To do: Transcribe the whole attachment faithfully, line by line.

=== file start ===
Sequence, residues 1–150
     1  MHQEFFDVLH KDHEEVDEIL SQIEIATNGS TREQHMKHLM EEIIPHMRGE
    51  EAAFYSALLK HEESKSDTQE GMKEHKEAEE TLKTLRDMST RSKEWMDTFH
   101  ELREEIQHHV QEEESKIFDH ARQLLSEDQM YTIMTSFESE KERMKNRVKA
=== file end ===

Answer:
Sequence, residues 1–150
     1  MHQEFFDVLH KDHEEVDEIL SQIEIATNGS TREQHMKHLM EEIIPHMRGE
    51  EAAFYSALLK HEESKSDTQE GMKEHKEAEE TLKTLRDMST RSKEWMDTFH
   101  ELREEIQHHV QEEESKIFDH ARQLLSEDQM YTIMTSFESE KERMKNRVKA